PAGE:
Bernard Mennell

Port of Yangon

The article (February 2019) featuring Yangon (Rangoon) prompted memories of it in the late 1950s/early 1960s. Not a port that many UK seafarers visited unless they worked for B. I., Bibby or Henderson, and only then if they weren’t deck, engine room or catering/steward rating as Indian crews were employed.

Generally one unloaded alongside (ships gear only) then moved into the stream to load with perhaps a brief return alongside to finish off and embark passengers.


Alongside was very convenient for the town which was just the other side of the Go-dams. Not that there was much to go there for apart from local colour, the Shive Dragon pagoda and a department store. Further out one could pay one’s respects at the War Graves cemetery, passing on the way a Spitfire mounted at the entrance to the airport, or relax at the nearly moribund swimming club.

Night life was there none and, if one was on the bouys returning in the dark on the fast flowing river by oar propelled sampan was not an enticing prospect!

As for things to buy one could be measured up for shorts, shirts or even shoes in the morning and have them ready the same or next day. Burma cheroots were cheap and/or gongs or small cheap silver? Containers.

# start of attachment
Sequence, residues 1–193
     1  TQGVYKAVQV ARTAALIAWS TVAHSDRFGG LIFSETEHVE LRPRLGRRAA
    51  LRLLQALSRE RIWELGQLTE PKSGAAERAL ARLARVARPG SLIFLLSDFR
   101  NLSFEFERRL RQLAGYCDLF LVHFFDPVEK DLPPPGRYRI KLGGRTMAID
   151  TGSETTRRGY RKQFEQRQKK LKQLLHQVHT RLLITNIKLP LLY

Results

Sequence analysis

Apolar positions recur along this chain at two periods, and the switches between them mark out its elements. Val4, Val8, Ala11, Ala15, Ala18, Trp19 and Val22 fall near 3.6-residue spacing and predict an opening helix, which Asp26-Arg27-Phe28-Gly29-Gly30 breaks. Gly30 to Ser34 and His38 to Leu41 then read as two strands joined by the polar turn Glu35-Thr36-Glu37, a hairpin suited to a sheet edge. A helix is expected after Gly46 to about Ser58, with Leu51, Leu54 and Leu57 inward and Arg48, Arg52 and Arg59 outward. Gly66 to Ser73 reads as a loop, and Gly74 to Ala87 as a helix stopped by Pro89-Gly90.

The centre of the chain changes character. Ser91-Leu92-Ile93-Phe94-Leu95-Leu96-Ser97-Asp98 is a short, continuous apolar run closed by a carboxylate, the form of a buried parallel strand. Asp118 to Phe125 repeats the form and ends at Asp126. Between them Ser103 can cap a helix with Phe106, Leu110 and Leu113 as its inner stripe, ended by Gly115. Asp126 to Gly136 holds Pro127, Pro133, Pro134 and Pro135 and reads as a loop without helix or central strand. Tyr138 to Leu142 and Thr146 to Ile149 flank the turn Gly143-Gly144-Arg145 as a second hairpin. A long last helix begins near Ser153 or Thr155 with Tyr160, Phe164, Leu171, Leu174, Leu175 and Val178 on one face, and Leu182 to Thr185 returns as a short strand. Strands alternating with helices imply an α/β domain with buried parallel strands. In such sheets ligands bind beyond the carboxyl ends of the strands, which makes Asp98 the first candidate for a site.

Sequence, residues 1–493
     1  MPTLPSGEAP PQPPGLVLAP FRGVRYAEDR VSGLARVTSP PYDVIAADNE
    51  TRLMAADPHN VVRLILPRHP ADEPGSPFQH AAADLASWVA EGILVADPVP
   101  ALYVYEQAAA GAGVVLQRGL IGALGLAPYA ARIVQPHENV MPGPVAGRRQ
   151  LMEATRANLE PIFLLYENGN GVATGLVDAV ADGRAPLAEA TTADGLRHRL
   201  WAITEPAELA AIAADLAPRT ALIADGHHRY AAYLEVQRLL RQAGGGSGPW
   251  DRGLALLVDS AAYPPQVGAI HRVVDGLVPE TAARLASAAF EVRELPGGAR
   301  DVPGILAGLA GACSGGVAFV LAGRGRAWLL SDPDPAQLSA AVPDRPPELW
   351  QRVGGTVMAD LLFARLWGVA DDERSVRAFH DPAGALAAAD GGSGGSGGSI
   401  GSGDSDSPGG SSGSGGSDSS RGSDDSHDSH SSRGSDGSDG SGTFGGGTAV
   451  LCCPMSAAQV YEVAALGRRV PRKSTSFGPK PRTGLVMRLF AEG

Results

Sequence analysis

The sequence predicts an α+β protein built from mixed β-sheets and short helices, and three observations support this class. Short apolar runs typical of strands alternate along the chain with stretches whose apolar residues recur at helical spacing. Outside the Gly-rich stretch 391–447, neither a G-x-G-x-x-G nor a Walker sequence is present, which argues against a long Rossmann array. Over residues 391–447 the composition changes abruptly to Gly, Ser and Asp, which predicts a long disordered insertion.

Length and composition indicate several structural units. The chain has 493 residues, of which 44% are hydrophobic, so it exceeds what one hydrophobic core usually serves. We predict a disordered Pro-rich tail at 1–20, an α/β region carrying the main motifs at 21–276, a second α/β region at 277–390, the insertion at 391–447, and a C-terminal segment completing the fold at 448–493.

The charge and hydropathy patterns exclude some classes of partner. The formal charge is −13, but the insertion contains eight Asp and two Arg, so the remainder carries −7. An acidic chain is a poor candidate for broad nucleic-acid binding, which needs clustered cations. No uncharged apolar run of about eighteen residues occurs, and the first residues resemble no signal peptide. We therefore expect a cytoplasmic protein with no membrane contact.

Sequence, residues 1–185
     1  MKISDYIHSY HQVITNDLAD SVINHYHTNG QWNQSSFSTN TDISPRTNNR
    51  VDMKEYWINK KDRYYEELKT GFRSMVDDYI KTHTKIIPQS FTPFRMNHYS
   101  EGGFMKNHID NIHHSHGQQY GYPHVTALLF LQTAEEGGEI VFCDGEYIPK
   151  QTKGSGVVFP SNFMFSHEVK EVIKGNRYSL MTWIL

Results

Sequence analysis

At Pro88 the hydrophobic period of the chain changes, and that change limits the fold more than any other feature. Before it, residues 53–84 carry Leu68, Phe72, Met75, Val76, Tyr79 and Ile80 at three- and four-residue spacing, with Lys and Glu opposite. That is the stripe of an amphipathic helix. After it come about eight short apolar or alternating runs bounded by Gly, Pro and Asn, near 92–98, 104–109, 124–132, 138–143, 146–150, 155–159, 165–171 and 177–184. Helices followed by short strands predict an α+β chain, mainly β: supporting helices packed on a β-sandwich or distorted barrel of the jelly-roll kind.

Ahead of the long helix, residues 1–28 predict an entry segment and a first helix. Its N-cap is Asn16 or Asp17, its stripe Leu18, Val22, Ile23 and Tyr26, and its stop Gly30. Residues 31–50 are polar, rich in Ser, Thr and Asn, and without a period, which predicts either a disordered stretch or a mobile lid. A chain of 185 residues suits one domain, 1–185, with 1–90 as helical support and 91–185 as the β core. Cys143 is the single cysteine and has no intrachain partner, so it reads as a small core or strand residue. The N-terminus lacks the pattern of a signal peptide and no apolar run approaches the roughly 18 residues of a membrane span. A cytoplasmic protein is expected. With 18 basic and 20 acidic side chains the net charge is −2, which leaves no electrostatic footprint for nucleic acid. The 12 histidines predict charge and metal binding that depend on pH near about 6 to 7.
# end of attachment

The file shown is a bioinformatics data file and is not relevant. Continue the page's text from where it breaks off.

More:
When one was loading at the bouys a seemingly permanent population of labourers took over the decks sleeping, working/eating and performing their personal ablutions when not working. The dumb barges containing the cargo would come alongside with much shouting and gesturing from, and between their own crews and the removal of the covering tarpaulins often resulting in a scampering of rats.

In the monsoon season one was forever having to stop/start loading cargo and rigging hatch tents (no sliding steel hatch covers) to keep it dry.

So, not much appealed, but an attractive sight was the daily commute of sampans across the river from the suburb of Dala ferrying their brightly dressed chattering young women to work in Rangoon. Another feature of the river was the former Irrawaddy Flotilla (and subsequent) vessels which, though I do not recollect any with “paddles clunking” were certainly of the hardworked classic appearance which would have been recognisable to Rudyard Kipling and his “British soldier.”

And so to departure, the immediate and welcome job being a thorough wash-down to get rid of the debris and filth of spilled cargo and human detritus accumulated over a couple of weeks and which could take the best part of a day.

I would however like to make a minor correction to the statement in the Memorable Ships article that “by” 1961 the only ships remaining on the Burma service were Herefordshire, Warwickshire and Leicestershire as (according to my old discharge book) Derbyshire (6,227 n.r.t., pass. 115) did two round trips to Rangoon from August 1961 to April 1962. So from 1962 perhaps.

Michael Wood


A great magazine which I look forward to every month!

I was reading your article on “Port of Call – Stavanger”. Page 53 in relation to Piper Alpha states the platform was on lease to Conoco. This is incorrect. The Piper Alpha was operated by Occidental Petroleum.

Keep up the great work.

Alistair Cartwright